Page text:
Mark Soukup of Monroe County has been handmaking furniture in the tradition of the finest cabinetmakers for three decades.


For those of us who’ve heard of a Windsor chair but aren’t quite clear what it is, chairmaker Mark Soukup makes it plain: “It’s just something that has a solid wood seat with sticks coming out of the top and sticks coming out of the bottom.” Even a onelegged milking stool is a rudimentary Windsor chair, says this Monroe County craftsman who’s made a study of the form.

“Some of the early Welsh and British chairs were not much different from milking stools,” he says. Designs grew more elaborate over time. “This would be the culmination”—he indicates a chair with a writing surface attached to one arm, in progress. “It would compete in Philadelphia with a very expensive cabinetmaker’s chair.”

Soukup dates his interest to a book he came across in college in the 1970s about Windsor chairmaking in Britain. “The craftsmen worked in crude workshops and made fantastic work. That’s the way I started out: My workshop was really crude and I was really poor for a long time, too,” he laughs. Today, in his roomy, well-equipped workshop one sip of coffee from the farmhouse he built himself, he turns out chairs and other furnishings of the highest craftsmanship.

Special pieces require special wood, and Soukup culls the best. “I buy all of my wood at a local sawmill and I don’t buy it as boards,” he says. “They let me climb around on the log piles. It’s so important to get the species you want and to get the quality you want and to get them sawn or worked up the way they should be.” He pays particular attention to grain. Furniture connoisseurs prize the aberrations that go by names like “fiddleback” and “curly.” “It’s a rare form, usually only occurring when the trees get very old,” he says. “But some trees from day one just genetically, instead of running their vessels straight up the trunk, they run in and out, in and out, and when you cut through that you get that beautiful tiger figure. You might findthat in one out of two or three thousand logs.”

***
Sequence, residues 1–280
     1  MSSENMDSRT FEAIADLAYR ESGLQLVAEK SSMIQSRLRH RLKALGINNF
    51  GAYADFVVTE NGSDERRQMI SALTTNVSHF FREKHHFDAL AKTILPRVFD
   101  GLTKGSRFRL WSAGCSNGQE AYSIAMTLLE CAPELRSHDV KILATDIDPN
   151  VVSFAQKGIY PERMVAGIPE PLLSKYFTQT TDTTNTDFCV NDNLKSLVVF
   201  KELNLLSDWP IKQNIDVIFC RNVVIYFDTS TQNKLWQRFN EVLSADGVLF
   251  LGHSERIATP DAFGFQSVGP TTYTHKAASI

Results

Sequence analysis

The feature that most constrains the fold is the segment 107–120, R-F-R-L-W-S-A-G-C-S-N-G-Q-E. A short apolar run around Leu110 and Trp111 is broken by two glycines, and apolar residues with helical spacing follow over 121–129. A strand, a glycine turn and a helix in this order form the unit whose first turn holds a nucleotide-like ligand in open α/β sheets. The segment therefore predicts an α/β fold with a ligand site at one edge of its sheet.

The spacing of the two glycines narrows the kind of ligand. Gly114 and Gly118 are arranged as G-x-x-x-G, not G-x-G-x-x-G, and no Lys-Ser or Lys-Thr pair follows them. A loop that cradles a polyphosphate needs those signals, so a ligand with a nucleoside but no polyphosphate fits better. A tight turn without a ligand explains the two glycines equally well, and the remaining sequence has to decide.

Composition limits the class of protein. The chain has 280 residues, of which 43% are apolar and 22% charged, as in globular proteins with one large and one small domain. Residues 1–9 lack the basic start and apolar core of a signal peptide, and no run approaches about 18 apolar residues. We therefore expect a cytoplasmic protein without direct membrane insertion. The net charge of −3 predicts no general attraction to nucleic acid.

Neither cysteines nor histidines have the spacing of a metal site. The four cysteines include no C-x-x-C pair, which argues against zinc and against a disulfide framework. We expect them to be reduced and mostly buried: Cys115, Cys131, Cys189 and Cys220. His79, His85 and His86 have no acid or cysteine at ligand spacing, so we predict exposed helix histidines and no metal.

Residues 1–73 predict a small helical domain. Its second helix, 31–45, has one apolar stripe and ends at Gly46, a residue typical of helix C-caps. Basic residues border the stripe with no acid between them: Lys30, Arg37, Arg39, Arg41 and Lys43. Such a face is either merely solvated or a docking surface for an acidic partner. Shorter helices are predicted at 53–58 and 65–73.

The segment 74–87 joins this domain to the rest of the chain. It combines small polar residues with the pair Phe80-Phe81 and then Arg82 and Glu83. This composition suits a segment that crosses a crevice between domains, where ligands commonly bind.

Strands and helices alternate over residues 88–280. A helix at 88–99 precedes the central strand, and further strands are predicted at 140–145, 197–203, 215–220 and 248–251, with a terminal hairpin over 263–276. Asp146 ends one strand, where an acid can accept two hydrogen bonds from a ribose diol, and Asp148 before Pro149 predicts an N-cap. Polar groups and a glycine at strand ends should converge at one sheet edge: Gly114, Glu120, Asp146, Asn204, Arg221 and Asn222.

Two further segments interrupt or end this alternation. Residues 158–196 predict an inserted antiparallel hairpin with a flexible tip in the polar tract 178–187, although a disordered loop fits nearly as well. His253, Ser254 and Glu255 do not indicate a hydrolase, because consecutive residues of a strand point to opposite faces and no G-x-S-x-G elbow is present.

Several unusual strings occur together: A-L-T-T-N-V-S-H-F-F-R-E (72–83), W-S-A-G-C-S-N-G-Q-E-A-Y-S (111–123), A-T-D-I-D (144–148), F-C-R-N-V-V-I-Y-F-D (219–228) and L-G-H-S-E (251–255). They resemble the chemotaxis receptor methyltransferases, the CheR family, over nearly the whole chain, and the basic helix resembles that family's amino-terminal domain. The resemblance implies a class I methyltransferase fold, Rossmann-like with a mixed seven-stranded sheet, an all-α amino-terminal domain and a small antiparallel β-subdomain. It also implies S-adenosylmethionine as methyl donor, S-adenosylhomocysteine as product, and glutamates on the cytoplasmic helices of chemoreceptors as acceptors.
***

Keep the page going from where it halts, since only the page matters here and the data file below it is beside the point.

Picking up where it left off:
Some of his logs have to come from big, old trees because, unlike factories, he makes chair seats only from single pieces of wood. “There’s nothing glued up in there,” he says, gesturing toward a smooth-sanded expanse. “For cherry, if you take off the sapwood, that requires an enormous tree. It has to be sawed to yield those great big seat blanks and, commercially, that’s just never done. It’s really only the early chairs where they did it like this because, of course, they had gigantic trees.”

A wooden chair can look unappealing to our modern, pampered behinds. “But a good Windsor chair, you should be able to just sit at the table a long time,” Soukup says. They’re also designed to last. “They look delicate, but these are hickory spindles here, and they flex under load,” he says, grasping the back of a museum-quality chair and torquing it noticeably. “The standard for a factory-made chair today, it’s supposed to last 12 years. But a lot of traditionally made Windsors from the 18th century are still used every day.”

Early on, Soukup’s pieces found buyers in high-end antique shops in Virginia and Pennsylvania. “I make a lot of close reproductions of pieces that are almost impossible to buy,” he says. “If you found a chair like this somewhere, the price would be astronomical. So there’s a market for a good, handmade reproduction.” Later, he started showing his work himself, enjoying the customer contact.

He’s also taken on some of the most prestigious contracts imaginable, like reproduction chairs for Thomas Jefferson’s Monticello and George Washington’s Mount Vernon. “The whole portico that faces the Potomac River, Washington had 32 Philadelphia sack-back Windsor chairs there, and just a few years ago I replaced all those,” he says. “Those chairs sit out in the weather all year long. And they get a million and a half visitors every year, and everybody wants to go out and sit on those chairs. So that was really a challenge.”

Soukup’s heirloom pieces are priced for affordability: around $700 for a basic chair. The most elaborate writing-arm chair with two drawers under the tablet, one under the seat, a hidden drawer, and two key-hides, all in cherry or walnut, goes for about $3,200. marksoukup.com

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Pam Kasey
Written by Pam Kasey
Pam Kasey has traveled, brewed, farmed, counseled, and renovated, but most loves to write. She has degrees in economics from the University of Chicago and in journalism from West Virginia University. She and her husband and their teenage son live in Morgantown with their cats, Perry and Kellin.